Yes Lynda Carol, I quite agree, it would definitely be a good thing to find out what kind of disease we have. We know what it’s called but not what it is only that we have it. Fine fix IMO.
About that “sick micro environment”, here’s an interesting (IMO) abstract on the matter. It seems to suggest that the neurodegeneration seemingly evident in MS may not even be totally dependent on the inflammatory process. Modulating Processes within the CNS is Central to Therapeutic Control of MS
neurodegeneration appears to be at least partially independent from neuroinflammation….. It is likely that immunomodulatory treatments acting purely in the periphery will provide only indirect and not direct neuroprotection…
The pathogenic process in the central nervous system itself should be the major focus in multiple sclerosis therapy in order to protect against demyelination and axonal loss and to promote remyelination and regeneration directly in the target tissue, independently of peripheral immune status. In conclusion, selective treatment strategies aimed at preventing axonal injury within the central nervous system are required to complement existing, peripherally acting treatments targeting the immune system.
For my 2 cents, I still like the idea that one factor in the “sick micro environment” might be glutamate toxicity. The recent front page article suggests damage to the oligodendrocytes happens first and the inflammation follows. This abstract
seems to suggest that oligodendrocytes could be susceptible to glutamate toxicity since they have those “NMDA receptors”.
Oligodendrocytes are known to express (Ca2+)-permeable glutamate receptors and to have low resistance to oxidative stress, two factors that make them potentially susceptible to injury…….Previous studies had failed to detect NMDA receptor mRNA or current in oligodendrocytes but three new papers demonstrate NMDA receptor expression in oligodendrocytes.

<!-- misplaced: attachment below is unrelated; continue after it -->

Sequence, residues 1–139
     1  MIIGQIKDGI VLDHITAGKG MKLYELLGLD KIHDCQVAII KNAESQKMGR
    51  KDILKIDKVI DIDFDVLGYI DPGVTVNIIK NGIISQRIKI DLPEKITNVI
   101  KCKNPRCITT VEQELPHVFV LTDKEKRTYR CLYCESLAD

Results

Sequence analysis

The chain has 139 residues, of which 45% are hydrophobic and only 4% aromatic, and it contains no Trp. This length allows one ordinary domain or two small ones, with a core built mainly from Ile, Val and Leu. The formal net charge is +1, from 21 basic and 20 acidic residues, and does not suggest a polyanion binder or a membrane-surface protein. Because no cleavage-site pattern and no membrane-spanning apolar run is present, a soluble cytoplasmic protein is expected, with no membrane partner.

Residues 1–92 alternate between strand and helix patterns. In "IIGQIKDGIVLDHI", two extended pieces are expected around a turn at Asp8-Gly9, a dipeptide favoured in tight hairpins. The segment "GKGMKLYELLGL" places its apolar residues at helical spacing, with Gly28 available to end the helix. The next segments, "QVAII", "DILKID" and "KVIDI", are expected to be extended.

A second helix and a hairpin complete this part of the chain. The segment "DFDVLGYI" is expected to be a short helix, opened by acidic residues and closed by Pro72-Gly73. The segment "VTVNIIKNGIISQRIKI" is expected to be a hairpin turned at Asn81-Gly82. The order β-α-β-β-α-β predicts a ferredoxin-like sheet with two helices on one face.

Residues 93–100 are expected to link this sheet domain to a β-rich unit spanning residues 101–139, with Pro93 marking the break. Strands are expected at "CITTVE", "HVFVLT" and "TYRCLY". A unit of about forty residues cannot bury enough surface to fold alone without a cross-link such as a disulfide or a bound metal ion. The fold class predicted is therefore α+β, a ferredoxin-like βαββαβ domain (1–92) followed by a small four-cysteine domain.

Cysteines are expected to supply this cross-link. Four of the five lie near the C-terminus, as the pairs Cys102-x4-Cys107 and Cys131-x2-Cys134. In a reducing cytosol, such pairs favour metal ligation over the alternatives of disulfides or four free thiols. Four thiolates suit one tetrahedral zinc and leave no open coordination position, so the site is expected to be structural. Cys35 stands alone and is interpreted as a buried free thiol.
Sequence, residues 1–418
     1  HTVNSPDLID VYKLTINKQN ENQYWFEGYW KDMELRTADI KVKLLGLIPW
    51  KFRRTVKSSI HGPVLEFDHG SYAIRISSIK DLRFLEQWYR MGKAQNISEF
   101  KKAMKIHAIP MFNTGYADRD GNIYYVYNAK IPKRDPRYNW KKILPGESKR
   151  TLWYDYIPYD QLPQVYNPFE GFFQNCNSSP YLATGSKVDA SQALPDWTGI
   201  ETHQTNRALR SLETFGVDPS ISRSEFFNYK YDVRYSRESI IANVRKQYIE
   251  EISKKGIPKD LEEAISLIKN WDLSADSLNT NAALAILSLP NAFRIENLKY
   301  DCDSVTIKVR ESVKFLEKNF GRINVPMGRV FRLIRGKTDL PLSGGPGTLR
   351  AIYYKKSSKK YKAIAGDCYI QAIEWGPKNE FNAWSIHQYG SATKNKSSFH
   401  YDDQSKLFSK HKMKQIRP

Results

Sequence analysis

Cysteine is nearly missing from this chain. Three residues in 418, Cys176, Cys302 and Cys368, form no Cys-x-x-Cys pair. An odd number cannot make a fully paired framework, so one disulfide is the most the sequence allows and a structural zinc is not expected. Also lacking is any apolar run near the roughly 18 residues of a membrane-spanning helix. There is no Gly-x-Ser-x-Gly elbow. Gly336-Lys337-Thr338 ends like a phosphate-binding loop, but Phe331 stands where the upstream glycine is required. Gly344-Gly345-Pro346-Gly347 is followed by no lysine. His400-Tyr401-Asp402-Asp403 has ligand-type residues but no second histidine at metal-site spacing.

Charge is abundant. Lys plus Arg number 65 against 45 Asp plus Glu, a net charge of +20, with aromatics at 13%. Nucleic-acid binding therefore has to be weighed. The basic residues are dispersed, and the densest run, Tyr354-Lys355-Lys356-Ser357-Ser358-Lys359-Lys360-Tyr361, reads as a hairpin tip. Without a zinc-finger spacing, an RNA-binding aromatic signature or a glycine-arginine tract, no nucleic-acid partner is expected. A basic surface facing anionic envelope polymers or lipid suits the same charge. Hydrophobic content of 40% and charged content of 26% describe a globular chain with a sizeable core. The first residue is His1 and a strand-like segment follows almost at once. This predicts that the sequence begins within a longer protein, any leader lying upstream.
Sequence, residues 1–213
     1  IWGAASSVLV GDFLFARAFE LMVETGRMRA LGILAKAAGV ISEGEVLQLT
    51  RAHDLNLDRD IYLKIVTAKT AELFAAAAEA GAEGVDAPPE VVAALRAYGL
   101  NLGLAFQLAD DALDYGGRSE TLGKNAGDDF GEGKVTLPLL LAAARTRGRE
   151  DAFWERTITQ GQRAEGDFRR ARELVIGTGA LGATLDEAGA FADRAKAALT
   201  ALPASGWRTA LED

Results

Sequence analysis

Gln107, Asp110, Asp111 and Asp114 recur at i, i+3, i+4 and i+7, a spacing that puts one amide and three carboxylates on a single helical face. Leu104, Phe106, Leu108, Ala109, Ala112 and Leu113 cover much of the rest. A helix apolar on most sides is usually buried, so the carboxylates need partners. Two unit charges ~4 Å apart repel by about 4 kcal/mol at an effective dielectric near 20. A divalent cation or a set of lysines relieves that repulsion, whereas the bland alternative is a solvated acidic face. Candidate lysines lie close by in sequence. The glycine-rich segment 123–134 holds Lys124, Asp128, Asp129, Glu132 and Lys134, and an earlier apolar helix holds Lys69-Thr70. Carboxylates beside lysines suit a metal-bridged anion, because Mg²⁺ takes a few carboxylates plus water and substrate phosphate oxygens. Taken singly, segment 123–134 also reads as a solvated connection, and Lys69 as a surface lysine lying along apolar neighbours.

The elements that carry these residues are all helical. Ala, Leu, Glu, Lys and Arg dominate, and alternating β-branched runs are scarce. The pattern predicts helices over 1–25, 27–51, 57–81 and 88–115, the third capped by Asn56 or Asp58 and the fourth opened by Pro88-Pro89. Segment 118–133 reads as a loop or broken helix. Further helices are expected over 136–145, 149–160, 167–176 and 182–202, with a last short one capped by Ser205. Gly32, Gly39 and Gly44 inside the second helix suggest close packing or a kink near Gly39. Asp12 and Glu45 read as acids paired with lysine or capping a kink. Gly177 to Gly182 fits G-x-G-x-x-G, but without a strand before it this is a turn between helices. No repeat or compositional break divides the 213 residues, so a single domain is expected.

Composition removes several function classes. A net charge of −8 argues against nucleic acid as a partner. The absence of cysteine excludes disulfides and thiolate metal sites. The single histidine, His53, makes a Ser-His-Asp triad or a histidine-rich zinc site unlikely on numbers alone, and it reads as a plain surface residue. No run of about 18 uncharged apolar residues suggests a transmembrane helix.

I’ve no scientific or medical background whatsoever, but I’ve latched onto these NMDA receptors and the notion of “glutamate toxicity” since the little bit I think I might understand seems to support the notion that theoretically it could account for damage to the myelin, axons and neurons in people with MS and be part of a “sick micro-environment”.
The good news is there are several things already on the market that might help minimize it, i.e., the memantine I posted some info about recently, several hormones, and minocycline. I think glutamate toxicity is also part of the thinking about how ldn may work. So, even if MS is not “auto-immune”, and I personally don’t think it is, I’m still optimistic that we could be a lot closer to more effective treatment than we think.
Even if we don’t know what kind of disease it is
I do think the researchers may have made some progress in understanding the molecular injury cascade. I'm sure hoping that's the case.